If you thought guns were only for the traditionally wealthy and mighty, Uttar Pradesh will surprise you.
Shyam Gautam, a member of Bahujan Samaj Party, cleans his gun at his residence in Bahraich as his wife and children watch on. Guns have empowered Dalits, he says. (Ashok Dutta/ HT Photo)
With communal and caste tensions flaring, everyone in the state wants a piece of safety. And security here, very simply, flows from the barrel of a gun.
The dalits or members of the scheduled castes in Bahraich, nearly 130 kilometres northwest of Lucknow, know this fact all too well.
Having been at the bottom of the social ladder for centuries, they once again feel unprotected now that the Mayawati-led Bahujan Samaj Party, which counts dalits as its core constituency, is out of power.
They fear they could lose their land and valuables to the more powerful Yadavs, the support base of the ruling Samajwadi Party), and to the Thakurs and the Brahmins, who have a natural tilt towards the BJP.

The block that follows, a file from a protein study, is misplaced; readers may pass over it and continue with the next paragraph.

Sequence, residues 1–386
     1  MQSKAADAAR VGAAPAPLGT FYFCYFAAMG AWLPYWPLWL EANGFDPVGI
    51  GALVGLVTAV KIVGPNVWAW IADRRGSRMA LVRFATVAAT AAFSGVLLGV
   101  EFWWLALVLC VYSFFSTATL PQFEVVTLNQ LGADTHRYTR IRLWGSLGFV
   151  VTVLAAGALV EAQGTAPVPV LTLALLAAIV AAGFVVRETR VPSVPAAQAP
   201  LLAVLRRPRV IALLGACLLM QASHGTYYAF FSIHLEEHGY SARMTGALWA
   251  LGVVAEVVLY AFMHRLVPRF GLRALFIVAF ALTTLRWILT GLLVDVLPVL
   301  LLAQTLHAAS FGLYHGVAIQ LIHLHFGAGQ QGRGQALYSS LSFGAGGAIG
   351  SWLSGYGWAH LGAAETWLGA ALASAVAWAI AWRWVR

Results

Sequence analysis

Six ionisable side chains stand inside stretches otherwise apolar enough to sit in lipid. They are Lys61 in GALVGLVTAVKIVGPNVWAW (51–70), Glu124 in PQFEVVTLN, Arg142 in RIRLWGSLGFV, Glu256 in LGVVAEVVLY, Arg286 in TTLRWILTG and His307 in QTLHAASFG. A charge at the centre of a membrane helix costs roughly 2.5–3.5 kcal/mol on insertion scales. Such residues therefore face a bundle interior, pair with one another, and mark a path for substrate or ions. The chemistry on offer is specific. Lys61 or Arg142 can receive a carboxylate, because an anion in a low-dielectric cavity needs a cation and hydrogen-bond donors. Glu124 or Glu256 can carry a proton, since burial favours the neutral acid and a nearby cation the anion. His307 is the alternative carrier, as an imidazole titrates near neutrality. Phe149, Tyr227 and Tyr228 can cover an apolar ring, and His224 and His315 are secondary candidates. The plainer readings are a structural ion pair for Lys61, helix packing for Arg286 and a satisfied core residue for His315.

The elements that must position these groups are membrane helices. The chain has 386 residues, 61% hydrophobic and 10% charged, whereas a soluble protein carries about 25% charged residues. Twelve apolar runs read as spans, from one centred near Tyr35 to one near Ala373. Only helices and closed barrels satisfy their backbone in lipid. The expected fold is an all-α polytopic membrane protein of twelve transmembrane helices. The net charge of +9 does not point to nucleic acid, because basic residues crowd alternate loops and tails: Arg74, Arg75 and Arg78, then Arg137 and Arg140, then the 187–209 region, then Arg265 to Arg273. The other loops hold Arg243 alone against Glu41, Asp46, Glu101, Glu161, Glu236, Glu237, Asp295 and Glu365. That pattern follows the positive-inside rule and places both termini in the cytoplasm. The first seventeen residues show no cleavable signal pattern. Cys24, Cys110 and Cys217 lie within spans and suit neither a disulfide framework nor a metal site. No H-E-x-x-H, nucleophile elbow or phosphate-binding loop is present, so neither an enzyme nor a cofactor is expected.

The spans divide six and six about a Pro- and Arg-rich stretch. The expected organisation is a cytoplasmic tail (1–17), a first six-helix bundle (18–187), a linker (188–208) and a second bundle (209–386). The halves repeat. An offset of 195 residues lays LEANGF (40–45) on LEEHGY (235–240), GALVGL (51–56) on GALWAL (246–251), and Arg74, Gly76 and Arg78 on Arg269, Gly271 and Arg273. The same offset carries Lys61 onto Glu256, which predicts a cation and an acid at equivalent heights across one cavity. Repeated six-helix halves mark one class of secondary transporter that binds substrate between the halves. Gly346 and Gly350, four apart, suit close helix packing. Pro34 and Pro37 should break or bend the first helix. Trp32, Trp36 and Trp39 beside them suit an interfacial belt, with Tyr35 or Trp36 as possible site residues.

This apprehension explains why Shyam Gautam, a resident of Kundra Bazar in Bahraich, has taught his two daughters Veena and Reena to use a gun.
Shyam, who gave up his job with a nationalised bank to take up farming, says, “We are using guns to deter the Yadavs, Thakurs and Brahmins who are eyeing our land.”
He makes no secret of his concern about the safety of his family as he moves from one district to another to fulfil his life’s mission — propagating the ideals of dalit icon Babasaheb Bhimrao Ambedkar, principal architect of the Constitution of India.
As he gets ready to go to one such meeting to popularise Ambedkar’s political and social philosophy, he pulls the strap of a double barrel gun over his shoulder while his wife Sita packs booklets into a jute bag.
“Whenever I move about in the rural areas, I carry a weapon,” he says.
Like Shyam, nearly 2700 members of the scheduled castes in the district have licensed pistols, rifles and guns. Bahraich that shares a border with Nepal, has 16,292 firearms licences in all.
“A decade ago, we could not dream of owning a licensed weapon,” Shyam says.
“After the BSP came to power in 2007 (it lost power in 2012), the state government issued an order to the district magistrates to give licences to the dalits (scheduled castes) on priority,” he adds.
“I arranged `85,000 (using his post-voluntary retirement benefits from his bank job) to buy a pistol and another `15,000 for the double barrel gun,” he says.
Clearly, gun power is adding another dimension to dalit empowerment in the rural hinterland.